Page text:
De-alerting is the smart choice - “Geopolitical tensions [have] exacerbated the prospects of a nuclear conflict. In fact, the threat posed by nuclear weapons on high alert has persisted for decades,” writes the Editorial Board of Scientific American. “The existential risks of our current policy framework prompted both Barack Obama and George W. Bush to pledge... that they would take measures to move ballistic missiles off high alert. Neither followed through, leaving an opening for the new administration.”

--“Trump should give the U.S. electorate some assurance that he intends to govern with a steady hand by making a commitment to take our nuclear arsenal off hair-trigger alert and buy more time to decide whether to push the button... [by] taking this step unilaterally, the U.S. could reduce the risk of a mistaken or accidental launch that could lead to nuclear retaliation on the U.S. public... [It would] cost a pittance but could buy enough time to avert the cataclysmic event that once again looms as the most pressing threat to our survival.” Full story here.

Your local nuclear threat level - Ploughshares Fund President Joe Cirincione went on CBC Radio’s The Current to explain how a nuclear event would affect Toronto, and how you can find out what it would mean for where you live.

Trump gives China hope - “For 16 years, the United States has publicly refused to engage in direct talks with North Korea, arguing that doing so would reward it for bad behavior. In the meantime, the North raced ahead with its nuclear weapons program,” write Jane Perlez, Choe Sang-hun, and Motoko Rich for The New York Times. “Yet with a new president in the White House and South Korea’s leader under the threat of impeachment, a break from the longstanding stalemate suddenly seems possible.”

--“China has urged the United States to enter talks with North Korea to end its weapons program, apparently sensing... President Trump’s desire to make deals could break the yearslong deadlock on negotiations.” Former SecDef Bill Perry added, “What might make a difference... [is if we] had already gone through a really serious attempt at negotiation, offered a real alternative to North Korea... And if they turn that offer down, then I think we’re in a much better position to go to China and say: ‘We want to really tighten the screws on sanctions.’” Full story here.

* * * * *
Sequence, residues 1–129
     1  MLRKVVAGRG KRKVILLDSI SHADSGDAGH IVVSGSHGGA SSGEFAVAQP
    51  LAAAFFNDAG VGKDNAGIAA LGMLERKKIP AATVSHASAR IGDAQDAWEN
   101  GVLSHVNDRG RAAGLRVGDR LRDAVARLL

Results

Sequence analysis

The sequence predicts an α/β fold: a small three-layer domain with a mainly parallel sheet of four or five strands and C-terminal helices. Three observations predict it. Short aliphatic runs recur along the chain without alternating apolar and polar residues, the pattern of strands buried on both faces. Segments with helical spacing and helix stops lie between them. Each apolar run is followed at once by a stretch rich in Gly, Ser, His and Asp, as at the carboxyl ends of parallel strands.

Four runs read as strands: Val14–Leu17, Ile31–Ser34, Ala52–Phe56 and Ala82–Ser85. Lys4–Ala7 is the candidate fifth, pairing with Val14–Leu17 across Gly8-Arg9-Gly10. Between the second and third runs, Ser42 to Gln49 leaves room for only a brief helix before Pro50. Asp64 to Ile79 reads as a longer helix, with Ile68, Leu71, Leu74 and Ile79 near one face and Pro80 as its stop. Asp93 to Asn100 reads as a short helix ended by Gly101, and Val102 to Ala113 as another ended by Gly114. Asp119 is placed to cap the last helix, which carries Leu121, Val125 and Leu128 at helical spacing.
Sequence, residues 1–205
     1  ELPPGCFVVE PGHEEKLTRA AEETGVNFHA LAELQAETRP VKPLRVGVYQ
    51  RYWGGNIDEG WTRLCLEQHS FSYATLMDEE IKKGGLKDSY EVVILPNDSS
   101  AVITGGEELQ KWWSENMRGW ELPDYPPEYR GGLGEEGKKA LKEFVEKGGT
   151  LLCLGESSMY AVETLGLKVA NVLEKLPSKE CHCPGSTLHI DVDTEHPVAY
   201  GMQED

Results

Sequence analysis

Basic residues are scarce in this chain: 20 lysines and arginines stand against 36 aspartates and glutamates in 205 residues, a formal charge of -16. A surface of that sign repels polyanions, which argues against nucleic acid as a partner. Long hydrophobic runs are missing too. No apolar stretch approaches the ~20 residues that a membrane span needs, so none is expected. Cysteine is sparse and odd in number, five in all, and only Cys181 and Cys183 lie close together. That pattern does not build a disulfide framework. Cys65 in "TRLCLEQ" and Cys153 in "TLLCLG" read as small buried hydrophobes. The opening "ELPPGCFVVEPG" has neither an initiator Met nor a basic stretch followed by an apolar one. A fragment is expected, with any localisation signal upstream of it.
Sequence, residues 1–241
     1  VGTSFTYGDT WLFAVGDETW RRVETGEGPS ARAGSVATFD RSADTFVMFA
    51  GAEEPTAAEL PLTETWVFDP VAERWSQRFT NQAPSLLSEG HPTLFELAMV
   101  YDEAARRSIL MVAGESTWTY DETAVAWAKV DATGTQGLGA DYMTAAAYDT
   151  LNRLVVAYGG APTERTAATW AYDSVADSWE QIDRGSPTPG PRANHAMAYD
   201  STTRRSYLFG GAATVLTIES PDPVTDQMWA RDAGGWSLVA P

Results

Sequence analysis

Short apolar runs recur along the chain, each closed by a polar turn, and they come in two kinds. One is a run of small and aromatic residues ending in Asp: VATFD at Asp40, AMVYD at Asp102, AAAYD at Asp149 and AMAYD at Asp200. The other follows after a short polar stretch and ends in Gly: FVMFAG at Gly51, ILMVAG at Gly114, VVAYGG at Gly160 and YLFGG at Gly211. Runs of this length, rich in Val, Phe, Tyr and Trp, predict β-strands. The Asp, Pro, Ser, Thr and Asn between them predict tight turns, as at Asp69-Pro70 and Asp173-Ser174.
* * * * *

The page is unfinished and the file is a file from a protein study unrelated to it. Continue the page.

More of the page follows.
Tweet - @Livableworld: China mulls joining U.N. talks on treaty to ban #nuclear weapons

Ratify the CTBT - “The greatest unsung achievement of the Cold War – diplomacy to control the nuclear arms race, reduce nuclear dangers and arsenals, and prevent mushroom clouds – has been forgotten,” writes Michael Krepon for Defense One. But, “the single most symbolic and practical step that states possessing nuclear weapons could take would be to ratify the Comprehensive Test Ban Treaty, which bans all nuclear testing for all time. Only three nuclear-weapon states have done so—Russia, Great Britain and France.”

--“The United States, China, and Israel have signed but not ratified the Treaty; India, Pakistan and North Korea haven’t even signed. All are needed for the Treaty to enter into force, lending new credence to global non-proliferation efforts. A chain of ratifications can begin with the United States, followed by China, India, Pakistan and Israel. President Obama couldn’t hope to gain the necessary Senate votes. President Trump could redefine himself and reduce nuclear dangers by doing so.” Full piece here.

Trump administration’s behavior towards Iran - “Even with Michael Flynn gone, all signs indicate the Trump administration is likely to continue on its course toward confrontation with Iran ― and threatening both U.S. and regional security in the process,” writes Ryan Costello for The Huffington Post. “There have been three separate reports that the Trump administration is considering action that would risk war with Iran and jeopardize the agreement that has rolled back Iran’s nuclear program and subjected it to intrusive international monitoring.”

--“Last week, reports indicated that the administration was considering designating the Islamic Revolutionary Guard Corps (IRGC) – an Iranian military force – a foreign terrorist organization (FTO)... [A second indicated] Defense Secretary James Mattis was considering interdicting an Iranian ship in international waters to inspect it for arms that could potentially be headed to Houthi forces in Yemen… [The third cited plans] to push the International Atomic Energy Agency (IAEA)... to demand inspections of Iranian military sites… All of the proposals that have been floated thus far push toward confrontation, and there remains little sign that the administration is considering de-escalatory steps to halt a backslide to war.” Full story here.